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NASA’s Curiosity rover has spent 1,890 Martian days on the red planet since it landed there early in the morning of August 6, 2012. That’s 1,890 sunsets and 1,890 sunrises as the robot does its science, puttering around Gale Crater looking for interesting rocks to study.
Usually, we don’t get to see all those sunsets and sunrises, since Curiosity and its cameras are busily focused on the terrain around it. But every so often, the robot turns its eyes to the skies, and when it does, Damia Bouic, who processes photographs from Curiosity and other Mars rovers, is waiting.
“I just like sunset pictures, the way the landscape is transformed into a game of shadows and how the light and colors are scattering into the atmosphere,” Bouic wrote in an email to Newsweek.
That blueish tinge to the scene is not artistic license—despite the planet’s red reputation, Bouic says, a sunset on Mars would look blue, even to our eyes. The sun itself doesn’t change, of course, it’s just a matter of looking different through a different atmosphere.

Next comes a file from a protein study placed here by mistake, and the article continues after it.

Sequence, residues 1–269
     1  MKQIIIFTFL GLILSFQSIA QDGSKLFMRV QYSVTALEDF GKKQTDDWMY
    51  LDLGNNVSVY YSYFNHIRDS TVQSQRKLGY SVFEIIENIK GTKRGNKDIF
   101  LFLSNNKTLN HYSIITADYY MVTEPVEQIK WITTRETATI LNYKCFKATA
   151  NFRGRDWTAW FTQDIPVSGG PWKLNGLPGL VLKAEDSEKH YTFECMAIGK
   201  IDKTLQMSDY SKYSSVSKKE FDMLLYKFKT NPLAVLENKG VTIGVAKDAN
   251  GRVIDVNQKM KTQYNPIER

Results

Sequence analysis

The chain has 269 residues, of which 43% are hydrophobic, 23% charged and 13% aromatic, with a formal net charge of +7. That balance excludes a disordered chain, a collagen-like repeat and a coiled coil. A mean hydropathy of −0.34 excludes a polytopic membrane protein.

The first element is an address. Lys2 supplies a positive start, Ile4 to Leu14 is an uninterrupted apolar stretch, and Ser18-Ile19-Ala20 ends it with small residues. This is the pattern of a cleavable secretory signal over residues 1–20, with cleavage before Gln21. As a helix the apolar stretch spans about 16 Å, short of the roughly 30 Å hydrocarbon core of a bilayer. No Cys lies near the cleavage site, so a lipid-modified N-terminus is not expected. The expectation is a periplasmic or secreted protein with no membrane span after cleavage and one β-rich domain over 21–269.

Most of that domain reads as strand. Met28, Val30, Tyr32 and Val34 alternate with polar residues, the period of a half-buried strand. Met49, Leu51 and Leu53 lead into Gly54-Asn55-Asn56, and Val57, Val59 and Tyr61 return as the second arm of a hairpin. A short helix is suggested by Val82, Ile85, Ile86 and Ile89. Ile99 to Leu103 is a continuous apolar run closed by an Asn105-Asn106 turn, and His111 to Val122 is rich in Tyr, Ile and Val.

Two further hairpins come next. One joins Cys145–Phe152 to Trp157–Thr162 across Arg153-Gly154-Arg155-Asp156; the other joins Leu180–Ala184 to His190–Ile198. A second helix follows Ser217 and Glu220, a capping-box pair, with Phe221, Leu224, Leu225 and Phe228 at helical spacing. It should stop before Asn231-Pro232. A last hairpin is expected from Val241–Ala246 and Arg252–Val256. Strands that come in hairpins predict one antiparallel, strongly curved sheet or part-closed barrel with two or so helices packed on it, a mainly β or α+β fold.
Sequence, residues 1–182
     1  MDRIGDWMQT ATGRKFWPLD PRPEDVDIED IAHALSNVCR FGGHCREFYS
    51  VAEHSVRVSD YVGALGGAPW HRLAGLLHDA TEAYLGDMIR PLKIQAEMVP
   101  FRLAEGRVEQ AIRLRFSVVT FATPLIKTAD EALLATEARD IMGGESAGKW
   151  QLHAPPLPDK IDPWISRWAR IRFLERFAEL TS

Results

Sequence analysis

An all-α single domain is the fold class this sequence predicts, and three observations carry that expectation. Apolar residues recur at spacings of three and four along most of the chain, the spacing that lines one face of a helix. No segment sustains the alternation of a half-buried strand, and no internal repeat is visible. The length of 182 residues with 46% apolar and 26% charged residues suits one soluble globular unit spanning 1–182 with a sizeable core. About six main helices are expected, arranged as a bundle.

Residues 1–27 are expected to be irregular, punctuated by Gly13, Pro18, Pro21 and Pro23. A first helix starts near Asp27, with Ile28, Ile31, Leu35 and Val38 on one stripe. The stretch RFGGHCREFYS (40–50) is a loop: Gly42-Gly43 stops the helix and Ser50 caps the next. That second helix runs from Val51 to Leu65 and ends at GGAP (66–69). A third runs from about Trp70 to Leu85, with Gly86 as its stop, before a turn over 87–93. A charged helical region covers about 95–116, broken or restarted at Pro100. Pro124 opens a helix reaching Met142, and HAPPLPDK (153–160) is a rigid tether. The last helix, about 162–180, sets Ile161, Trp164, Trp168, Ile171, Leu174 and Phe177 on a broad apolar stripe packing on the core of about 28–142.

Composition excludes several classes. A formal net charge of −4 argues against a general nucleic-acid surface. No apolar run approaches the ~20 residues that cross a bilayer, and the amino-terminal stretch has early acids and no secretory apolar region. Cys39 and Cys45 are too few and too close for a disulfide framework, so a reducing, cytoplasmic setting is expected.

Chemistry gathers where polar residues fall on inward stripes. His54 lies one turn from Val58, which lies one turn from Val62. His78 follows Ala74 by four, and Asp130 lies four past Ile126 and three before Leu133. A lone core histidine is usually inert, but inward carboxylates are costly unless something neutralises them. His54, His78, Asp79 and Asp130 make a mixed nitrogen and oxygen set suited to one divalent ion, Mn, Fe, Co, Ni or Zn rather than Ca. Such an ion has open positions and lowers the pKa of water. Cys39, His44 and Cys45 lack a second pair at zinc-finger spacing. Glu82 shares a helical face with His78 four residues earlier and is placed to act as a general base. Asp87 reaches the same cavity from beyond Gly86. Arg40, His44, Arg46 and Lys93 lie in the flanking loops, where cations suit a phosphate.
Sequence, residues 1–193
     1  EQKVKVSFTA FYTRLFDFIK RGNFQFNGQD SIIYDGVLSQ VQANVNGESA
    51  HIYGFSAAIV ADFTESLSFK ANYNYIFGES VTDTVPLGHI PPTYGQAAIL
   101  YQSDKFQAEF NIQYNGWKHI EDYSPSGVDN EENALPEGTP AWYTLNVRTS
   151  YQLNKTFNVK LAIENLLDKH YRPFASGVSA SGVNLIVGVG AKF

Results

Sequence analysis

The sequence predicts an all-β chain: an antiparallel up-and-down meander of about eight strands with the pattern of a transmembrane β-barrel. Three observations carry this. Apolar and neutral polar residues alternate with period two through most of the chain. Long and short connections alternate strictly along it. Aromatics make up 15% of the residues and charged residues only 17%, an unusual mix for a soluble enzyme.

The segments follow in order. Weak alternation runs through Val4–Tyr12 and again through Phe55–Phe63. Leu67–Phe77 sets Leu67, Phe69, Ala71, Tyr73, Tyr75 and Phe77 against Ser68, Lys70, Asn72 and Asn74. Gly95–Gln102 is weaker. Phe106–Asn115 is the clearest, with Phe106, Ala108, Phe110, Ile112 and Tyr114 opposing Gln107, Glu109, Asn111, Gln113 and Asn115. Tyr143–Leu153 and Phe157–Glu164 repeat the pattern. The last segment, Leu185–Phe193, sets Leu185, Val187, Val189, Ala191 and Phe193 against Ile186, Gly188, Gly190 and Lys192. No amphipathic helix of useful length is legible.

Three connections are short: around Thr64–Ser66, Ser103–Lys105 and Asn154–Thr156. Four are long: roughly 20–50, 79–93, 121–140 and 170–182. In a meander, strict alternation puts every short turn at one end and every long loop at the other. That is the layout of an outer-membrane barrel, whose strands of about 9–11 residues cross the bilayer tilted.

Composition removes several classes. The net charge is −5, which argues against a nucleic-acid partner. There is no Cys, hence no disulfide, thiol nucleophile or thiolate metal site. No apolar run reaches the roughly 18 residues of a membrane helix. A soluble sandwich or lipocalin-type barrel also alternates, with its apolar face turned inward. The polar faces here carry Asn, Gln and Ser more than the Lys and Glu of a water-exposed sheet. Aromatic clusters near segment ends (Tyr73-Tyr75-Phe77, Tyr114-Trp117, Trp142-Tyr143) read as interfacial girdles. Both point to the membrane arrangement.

“The colors come from the fact that the very fine dust is the right size so that blue light penetrates the atmosphere slightly more efficiently,” Mark Lemmon, an atmospheric scientist at Texas A&M University, College Station, and one of Curiosity’s operators, told NASA in 2015 about a similar image. “When the blue light scatters off the dust, it stays closer to the direction of the sun than light of other colors does. The rest of the sky is yellow to orange, as yellow and red light scatter all over the sky instead of being absorbed or staying close to the sun.”
If you were on Mars, though, you would have to wait a bit longer to catch a sunset than you do here on Earth: The planet takes 24 hours and 37 minutes to spin once on its axis.
The rover was originally designed to spend about two years on Mars, but since then, Curiosity’s duties have been extended twice, since it is holding up well to the stresses of the environment. (Even that pales next to the planet’s hardest-working rover, Opportunity, which NASA planned to use for 90 days and has instead lasted 13 years.)
Lately, Curiosity has been looking for dust devils and clouds, as well as studying a fan-like deposit and what scientists think may be an impact crater.